Music Through Time

Saturday 6 October is going to be a special day – while the archaeologists dig, we are going to imagine what people have been listening to here in Assynt for the past several thousand years, with the help of some fabulous musicians. See more by clicking on the link below.

music through time poster hi res

Five new heritage trails in Assynt

The second day of heritage trail guide training was long but satisfying, and our five trails are now ready to be piloted next week. The full programme is as follows, and our guides are going to be wonderful. It’s a delight to see how many of us here have such a passion for this land!

Cnoc nan Each (Wednesday 3 October 2-4pm)

Meet at Glencanisp Road Car Park

A 2 hour guided walk through the woods, via the old croft and cleared township, to the recently discovered Bronze Age round house and other ruins. Splendid views of Suilven and Loch Druim Suardhalain.

Kirkton (Thurs 4 Oct 2-4pm)

Meet at the Old Kirk, Inchnadamph

A 2 hour guided walk through the remnants of a village cleared to make way for sheep two hundred years ago. Then back in time to a mysterious valley of springs and burnt mounds, on to a bronze age round house overlooking the home of the trolls.

Neolithic Corridor (Sun 7 Oct 10.30am-3.30pm)

Meet at the Loch Borralan layby, or car share at 10am at the Bayview Car Park, Lochinver

This day-long guided walk will explore how the unique geological features of Assynt have influenced how its inhabitants use the land, from the stone age to the present and into the future. The morning will be spent exploring the remnants of stone age habitation including some of the many chambered cairns in this area. Starting from Ledbeg House, the afternoon will be spent doing a circuit taking in the ‘Badger Stone’, more neolithic chambered cairns and traces of bronze age, mediaeval and more recent uses of the land.

Clachtoll (Monday 8 October 2-4pm)

Meet at Clachtoll Beach Car Park

A 2 hour guided walk across the beach to the split rock, with its vitrified walling. See the oldest rocks and the earliest lifeforms in the world. Imagine past inhabitants who lived from the sea – the people who built the old salmon bothy, the dragon’s teeth wall, the bronze age cist and the broch.

Eddrachalda (Tues 9 Oct 2-4pm)

Meet at the Ardvreck Castle Car Park

A 2 hour guided walk exploring the terrain inland from the castle and the ruined Calda house, from mediaeval ruins to the traces of much earlier habitation and right back to the geological formation of this land.

Trail guide training has begun

Part of this project is going to be the development of five new heritage trails in Assynt, drawing together knowledge and information from a huge range of different sources to interpret five fascinating routes through the landscape. To help us to do this, we are running a programme of training for a group of trail guides, and we will pilot the trails as part of the Assynt Festival (see www.assyntfestival.org.uk) during the next two weeks. After that we will put together interpretation material initially here on this website and later, well, we’ll see how it develops.

Today we began the guide training programme with brilliant guidance from Highland Council Senior Ranger Andy Summers, AOC archaeologist John Barber, local Gaelic teacher Claire Belshaw, and former ranger and geology buff Bill Ritchie, as well as our Historic Assynt project leader Gordon Sleight. We have a fantastic team of 9 trainees, who between them also have a huge range of knowledge and experience, so the training is really a rich process of knowledge sharing.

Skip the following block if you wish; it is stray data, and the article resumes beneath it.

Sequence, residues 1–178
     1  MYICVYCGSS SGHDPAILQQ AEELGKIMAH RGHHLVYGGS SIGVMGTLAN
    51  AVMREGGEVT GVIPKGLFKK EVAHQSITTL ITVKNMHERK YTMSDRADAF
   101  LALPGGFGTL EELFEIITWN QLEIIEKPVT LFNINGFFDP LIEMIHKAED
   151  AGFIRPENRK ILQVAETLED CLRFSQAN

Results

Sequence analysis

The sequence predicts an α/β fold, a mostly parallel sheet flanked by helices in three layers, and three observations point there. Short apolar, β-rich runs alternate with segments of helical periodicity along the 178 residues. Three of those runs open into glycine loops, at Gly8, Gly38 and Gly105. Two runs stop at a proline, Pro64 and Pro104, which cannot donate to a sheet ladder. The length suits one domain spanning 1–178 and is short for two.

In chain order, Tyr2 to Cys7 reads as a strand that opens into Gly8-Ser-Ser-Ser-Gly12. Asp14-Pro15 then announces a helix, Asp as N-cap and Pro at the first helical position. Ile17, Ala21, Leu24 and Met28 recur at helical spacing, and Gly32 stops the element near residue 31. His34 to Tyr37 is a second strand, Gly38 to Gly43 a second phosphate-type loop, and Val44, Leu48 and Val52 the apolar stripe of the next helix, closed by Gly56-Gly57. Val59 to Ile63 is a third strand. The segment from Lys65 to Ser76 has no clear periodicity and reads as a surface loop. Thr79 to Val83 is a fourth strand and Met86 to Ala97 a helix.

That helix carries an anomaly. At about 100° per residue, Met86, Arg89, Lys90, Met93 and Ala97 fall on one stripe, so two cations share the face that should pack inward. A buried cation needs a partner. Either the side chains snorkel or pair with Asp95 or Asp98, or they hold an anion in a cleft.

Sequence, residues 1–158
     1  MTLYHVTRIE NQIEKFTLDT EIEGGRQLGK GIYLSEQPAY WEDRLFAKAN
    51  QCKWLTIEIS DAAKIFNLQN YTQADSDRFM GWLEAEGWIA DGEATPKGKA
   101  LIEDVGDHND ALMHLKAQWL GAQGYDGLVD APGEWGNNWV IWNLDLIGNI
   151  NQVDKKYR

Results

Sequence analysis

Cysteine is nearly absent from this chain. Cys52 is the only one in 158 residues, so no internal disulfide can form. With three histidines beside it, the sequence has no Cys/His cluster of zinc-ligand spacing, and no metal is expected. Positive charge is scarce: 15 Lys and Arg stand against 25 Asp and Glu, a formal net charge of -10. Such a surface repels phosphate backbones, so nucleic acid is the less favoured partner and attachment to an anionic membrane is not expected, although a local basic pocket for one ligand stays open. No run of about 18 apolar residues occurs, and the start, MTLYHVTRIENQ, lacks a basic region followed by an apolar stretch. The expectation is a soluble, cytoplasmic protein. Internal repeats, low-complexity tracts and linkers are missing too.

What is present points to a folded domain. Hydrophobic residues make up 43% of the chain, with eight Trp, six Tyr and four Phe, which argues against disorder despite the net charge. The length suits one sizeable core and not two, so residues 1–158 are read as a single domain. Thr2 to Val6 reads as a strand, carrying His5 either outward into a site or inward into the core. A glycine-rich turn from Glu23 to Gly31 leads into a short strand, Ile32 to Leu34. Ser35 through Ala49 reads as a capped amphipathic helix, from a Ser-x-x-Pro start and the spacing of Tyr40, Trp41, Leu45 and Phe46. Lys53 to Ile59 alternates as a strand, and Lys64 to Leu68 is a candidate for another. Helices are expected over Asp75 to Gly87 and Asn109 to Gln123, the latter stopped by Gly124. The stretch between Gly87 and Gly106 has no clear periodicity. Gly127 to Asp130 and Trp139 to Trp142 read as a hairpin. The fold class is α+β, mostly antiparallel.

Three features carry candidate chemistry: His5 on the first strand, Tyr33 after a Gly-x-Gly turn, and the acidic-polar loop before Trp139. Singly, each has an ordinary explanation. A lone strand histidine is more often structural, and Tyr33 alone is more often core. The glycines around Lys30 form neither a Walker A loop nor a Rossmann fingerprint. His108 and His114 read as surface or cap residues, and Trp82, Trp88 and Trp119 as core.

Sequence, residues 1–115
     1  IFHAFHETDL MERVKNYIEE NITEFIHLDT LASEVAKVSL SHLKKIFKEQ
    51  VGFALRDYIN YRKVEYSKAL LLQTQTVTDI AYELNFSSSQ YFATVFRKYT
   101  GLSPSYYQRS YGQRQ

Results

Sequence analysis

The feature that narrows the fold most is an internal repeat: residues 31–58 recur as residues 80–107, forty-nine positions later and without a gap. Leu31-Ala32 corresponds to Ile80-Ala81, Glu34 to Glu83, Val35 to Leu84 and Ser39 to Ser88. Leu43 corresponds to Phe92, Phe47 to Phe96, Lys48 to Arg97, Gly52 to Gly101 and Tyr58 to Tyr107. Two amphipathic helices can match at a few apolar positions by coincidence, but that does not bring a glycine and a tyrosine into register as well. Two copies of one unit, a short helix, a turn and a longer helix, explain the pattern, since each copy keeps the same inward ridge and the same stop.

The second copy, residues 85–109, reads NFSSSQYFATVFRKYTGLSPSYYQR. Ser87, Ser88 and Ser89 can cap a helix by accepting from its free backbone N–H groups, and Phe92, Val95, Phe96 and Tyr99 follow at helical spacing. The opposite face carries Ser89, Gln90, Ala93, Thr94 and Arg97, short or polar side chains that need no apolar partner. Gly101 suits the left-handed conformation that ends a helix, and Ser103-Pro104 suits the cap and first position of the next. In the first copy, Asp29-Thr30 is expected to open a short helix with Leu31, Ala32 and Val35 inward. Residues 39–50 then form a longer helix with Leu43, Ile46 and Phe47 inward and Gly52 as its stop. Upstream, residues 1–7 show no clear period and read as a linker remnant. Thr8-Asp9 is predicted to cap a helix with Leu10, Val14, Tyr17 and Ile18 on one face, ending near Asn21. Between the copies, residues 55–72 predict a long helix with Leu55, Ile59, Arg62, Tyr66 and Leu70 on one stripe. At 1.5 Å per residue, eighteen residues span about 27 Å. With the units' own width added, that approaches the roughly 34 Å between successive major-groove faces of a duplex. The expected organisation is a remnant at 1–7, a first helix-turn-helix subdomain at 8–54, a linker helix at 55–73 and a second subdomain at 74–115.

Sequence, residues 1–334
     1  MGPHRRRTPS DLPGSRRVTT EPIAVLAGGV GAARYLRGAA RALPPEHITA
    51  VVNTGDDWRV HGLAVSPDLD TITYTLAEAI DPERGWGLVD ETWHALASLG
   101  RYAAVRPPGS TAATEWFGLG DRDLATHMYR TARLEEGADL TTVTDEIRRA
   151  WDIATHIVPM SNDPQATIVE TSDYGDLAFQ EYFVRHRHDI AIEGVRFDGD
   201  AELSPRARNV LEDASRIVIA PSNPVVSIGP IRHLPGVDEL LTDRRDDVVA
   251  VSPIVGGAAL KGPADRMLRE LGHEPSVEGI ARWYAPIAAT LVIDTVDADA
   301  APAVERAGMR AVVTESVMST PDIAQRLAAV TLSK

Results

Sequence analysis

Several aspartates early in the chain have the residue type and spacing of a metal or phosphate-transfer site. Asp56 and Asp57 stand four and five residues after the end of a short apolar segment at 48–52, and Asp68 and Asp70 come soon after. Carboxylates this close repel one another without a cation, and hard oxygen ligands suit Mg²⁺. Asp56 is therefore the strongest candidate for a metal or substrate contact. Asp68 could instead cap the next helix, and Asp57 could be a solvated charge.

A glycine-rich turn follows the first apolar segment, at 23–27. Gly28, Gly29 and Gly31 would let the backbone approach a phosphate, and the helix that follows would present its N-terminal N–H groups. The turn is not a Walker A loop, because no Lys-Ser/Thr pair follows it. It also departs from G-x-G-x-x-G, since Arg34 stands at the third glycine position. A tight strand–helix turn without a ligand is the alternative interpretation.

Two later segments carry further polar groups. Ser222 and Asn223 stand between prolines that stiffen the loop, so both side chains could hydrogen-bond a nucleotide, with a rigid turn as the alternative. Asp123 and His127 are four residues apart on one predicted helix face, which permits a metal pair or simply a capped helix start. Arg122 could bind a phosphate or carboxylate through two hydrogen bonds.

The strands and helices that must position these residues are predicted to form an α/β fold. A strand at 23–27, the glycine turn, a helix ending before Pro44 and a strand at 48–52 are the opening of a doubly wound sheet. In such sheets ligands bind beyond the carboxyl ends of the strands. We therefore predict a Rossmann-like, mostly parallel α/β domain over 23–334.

After an introduction at Stoer Hall, we set out into the rain and spent the morning walking around Clachtoll. The afternoon was spent at Cnoc nan Each. In between, we had lunch while Bill gave us 3 billion years of geology in 5 minutes, John summarised several thousand years of human habitation, and Claire gave us insights into Gaelic place names. Tomorrow, we will attempt three more walks.

The highlight of the day for me was John Barber’s outrageous burnt mound tale, but as this is just the start of the dig diary, I will hold off sharing it with you until the dig has actually begun. The perfect moment to reveal it will, I am sure, become clear, and until then, dear reader, you’ll have to watch this space…

Assynt prepares to set fire!

The Fire and Water project’s events next week are part of the Assynt Festival, which will feature flames from start to finish. See more about the festival’s fire theme here and the whole festival programme here.

Throughout the dig our archaeological team are planning to do experiments to work out how the mysterious bronze age burnt mound might have been made and what it might have been used for. Speculations on this theme will no doubt turn up in this dig diary from time to time in the next couple of weeks.

There will be cookery experiments, pottery experiments, stone-splitting experiments and apparantly they will even be digging a water tank, lining it with clay, so I’m guessing that’s for having a bath (Assynt digs occasionally being a tad muddy!)

We’ll have a tent up at the dig site, and we can have a wee fire in there if it’s rainy and cold outside – no comfort spared for archaeologists here in Assynt!

Our local firewood supplier, Charlie Russell has been forewarned and a big load of firewood is being delivered. We’re ready to burn – come along, take part and get your imagination sparking!

 

Fire and Water up and running!

Welcome to the website of the Assynt Fire and Water project- Historic Assynt’s latest investigation into the lives of past inhabitants of the parish. This time around the focus is the Bronze Age, and specifically the burnt mound site at Stronechrubie. Keep checking these pages for updates on our exploration of the lives of people living in Assynt 3500 years ago!

The burnt mound at Stronechrubie